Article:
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In April, 2009, I went to see Victoria Rowell at the University of
Alabama. She was giving a speech and talking about her book, "The Women Who Raised Me: A Memoir
". Ms. Rowell is an actress, having starred in both Diagnosis Murder
(1993-2001) and The Young and The Restless (1999-2000). You can see her
whole filmography at
http://www.imdb.com/name/nm0005389/. She was wonderful in both roles,
but she is probably best known for her role as Drucilla Winters on Y&R.
Rowell's book is about her life. She was a foster child when she was
younger. She had many foster homes. She was taken from her mother when she
was a baby, and she was taken in by various women in the foster care system. She moved because she had
an interest in learning how to dance, and they found places for her that
would help her do that. It is an interesting book about all of the various
things she had to go through as a foster child. She inspires us all, but
particularly she tries to inspire foster children so that they know that
there is hope after being a foster child.
Ms. Rowell talked about dance and declared that "art saves lives". She is an
excellent speaker and was entertaining to hear. She first showed a
small film that talked about her book and her life, then she talked at
length. Later, she took questions from the audience.
mentioned in passing that she was asked to give a keynote address to some
mayors from major cities, in Washington, DC. She was asked as a last-minute
replacement for Steve Wonder, even though she can't sing. She was very
amused by this idea, and also very proud to be asked. Because of her speech
in DC, she said that the mayors all increased funding for the arts. She talks about how
art saved her life, and I don't doubt that's true after hearing her story.
She took ballet classes while living in Roxbury. She said that she was
taught to own her existence. She stressed that there is no shame in being a
foster kid and no shame in being poor. Her foster mother, Agatha, had already
had 10 children and grandchildren, and she had many health problems. Ms.
Rowell is one of 6 children, although she didn't grow up with her siblings.
She spoke quite frequently directly to the first few rows in the auditorium, which
were all local foster children. The children were not noisy and seemed
entranced by her speech. She told them about appreciating their foster
parents. She asked them what their part is and what they can do, as foster
children. She urged them to "own their space". She is a great example of
everything she speaks of, since she was a poor foster kid and then became a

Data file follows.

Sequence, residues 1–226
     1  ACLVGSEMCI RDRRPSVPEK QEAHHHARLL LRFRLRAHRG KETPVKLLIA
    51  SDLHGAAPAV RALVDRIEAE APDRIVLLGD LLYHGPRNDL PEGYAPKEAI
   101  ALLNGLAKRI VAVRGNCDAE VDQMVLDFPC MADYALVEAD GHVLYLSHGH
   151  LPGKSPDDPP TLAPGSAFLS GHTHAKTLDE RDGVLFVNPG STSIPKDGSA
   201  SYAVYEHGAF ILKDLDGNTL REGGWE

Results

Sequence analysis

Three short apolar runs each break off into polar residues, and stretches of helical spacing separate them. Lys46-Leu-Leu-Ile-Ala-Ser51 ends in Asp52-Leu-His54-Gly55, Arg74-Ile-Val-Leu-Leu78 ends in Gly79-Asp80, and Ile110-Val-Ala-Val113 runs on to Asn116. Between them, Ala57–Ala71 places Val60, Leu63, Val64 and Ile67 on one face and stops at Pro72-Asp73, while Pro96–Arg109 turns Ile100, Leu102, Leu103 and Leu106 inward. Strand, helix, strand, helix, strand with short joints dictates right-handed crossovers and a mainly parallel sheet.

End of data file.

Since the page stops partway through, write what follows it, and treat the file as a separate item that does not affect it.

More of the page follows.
successful dancer, model, actress, writer, and businesswoman.
She discussed moving a lot as a child because she was "chasing a dream". She
thinks that others should become foster parents and help out the foster care
system. She has a foundation that helps out foster kids and talked about
that a bit. She explained what it does. She reminisced about how difficult
it was to be "socially competitive" with other kids when she had no money.
She let us know that May is National Foster Care Awareness Month.
Ms. Rowell explained that a lot more grandparents are raising their
grandchildren, due to drug addiction. She suggested to the foster children that
they write their story down because it might help someone else later in life. She
mentioned that her foster parents' plan is 20 years old. She discussed fund
raising and suggested to the foster kids that they think ahead about getting
a job and saving money for their future.
During the Q&A section, she was asked if she would return to "The Young &
The Restless". She first told us that they are making her book into an HBO
series, and she will be executive producer. She is also working on another
book, "Secrets of a Soap Opera Diva", as well as a children's book. However,
she added that if CBS called her, she would definitely be interested
in returning. The contract would have to be negotiated, she explained. She
has other aspirations, but she admitted that she would say yes if it was
While she was answering another question, she mentioned that when she learned to dance, she
channeled her rage into the ballet bar and made her anger an anchor.
Rowell is a really dynamic and fascinating speaker. If anyone can force
someone by sheer willpower to become a foster parent, it's her. She has
amazing energy and is very positive, despite her terrible childhood.
I really identify with her because I was a foster child, as well. I was
grateful to be able to buy her book, tell her about that, and get some
pictures and am autograph. She is definitely
my hero. I hope she returns to Y&R one day because she is really missed
by her legions of fans. Either way, I know she will be busy and successful.
The opinions in these articles are those of the writer and do not
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